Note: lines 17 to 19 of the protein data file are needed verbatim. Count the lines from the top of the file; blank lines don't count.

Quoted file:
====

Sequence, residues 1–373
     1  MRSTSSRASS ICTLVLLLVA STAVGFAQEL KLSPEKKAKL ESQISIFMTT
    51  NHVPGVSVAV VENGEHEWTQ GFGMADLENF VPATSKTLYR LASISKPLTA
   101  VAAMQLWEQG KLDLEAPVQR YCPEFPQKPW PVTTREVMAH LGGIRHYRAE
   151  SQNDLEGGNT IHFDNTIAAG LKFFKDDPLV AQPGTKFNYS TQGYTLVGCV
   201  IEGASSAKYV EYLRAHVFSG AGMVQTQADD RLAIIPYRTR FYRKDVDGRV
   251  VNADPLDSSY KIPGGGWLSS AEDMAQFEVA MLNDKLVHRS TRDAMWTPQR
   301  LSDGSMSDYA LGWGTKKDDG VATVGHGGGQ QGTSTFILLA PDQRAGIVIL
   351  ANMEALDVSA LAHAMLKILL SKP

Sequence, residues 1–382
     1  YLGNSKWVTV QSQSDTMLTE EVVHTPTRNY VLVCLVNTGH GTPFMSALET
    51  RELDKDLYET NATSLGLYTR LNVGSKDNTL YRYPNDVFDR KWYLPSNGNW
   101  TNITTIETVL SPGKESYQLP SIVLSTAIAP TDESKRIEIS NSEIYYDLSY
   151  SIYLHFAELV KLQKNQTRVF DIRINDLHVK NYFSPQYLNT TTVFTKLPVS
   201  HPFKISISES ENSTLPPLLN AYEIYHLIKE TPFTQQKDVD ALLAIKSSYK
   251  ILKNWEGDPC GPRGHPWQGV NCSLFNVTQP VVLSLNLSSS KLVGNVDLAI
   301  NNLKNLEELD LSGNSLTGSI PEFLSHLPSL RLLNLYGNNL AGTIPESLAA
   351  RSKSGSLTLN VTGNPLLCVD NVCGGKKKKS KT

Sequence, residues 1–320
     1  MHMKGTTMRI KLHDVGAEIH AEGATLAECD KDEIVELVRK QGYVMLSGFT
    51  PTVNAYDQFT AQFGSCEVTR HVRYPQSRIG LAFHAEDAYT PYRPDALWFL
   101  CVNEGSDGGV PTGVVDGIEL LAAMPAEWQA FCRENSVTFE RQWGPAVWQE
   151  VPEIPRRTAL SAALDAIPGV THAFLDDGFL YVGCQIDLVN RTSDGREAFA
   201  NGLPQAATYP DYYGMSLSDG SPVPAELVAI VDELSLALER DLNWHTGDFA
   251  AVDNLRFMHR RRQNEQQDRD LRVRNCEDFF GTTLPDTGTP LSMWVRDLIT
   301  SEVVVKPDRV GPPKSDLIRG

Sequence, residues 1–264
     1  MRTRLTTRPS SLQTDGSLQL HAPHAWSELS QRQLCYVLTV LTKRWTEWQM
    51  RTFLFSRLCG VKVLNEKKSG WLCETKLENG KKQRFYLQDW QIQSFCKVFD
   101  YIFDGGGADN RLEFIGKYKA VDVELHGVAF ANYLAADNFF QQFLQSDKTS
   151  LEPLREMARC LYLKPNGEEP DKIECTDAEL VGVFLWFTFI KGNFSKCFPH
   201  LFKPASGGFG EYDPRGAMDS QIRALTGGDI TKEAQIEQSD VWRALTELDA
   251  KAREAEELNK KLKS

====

   301  NNLKNLEELD LSGNSLTGSI PEFLSHLPSL RLLNLYGNNL AGTIPESLAA
   351  RSKSGSLTLN VTGNPLLCVD NVCGGKKKKS KT

Sequence, residues 1–320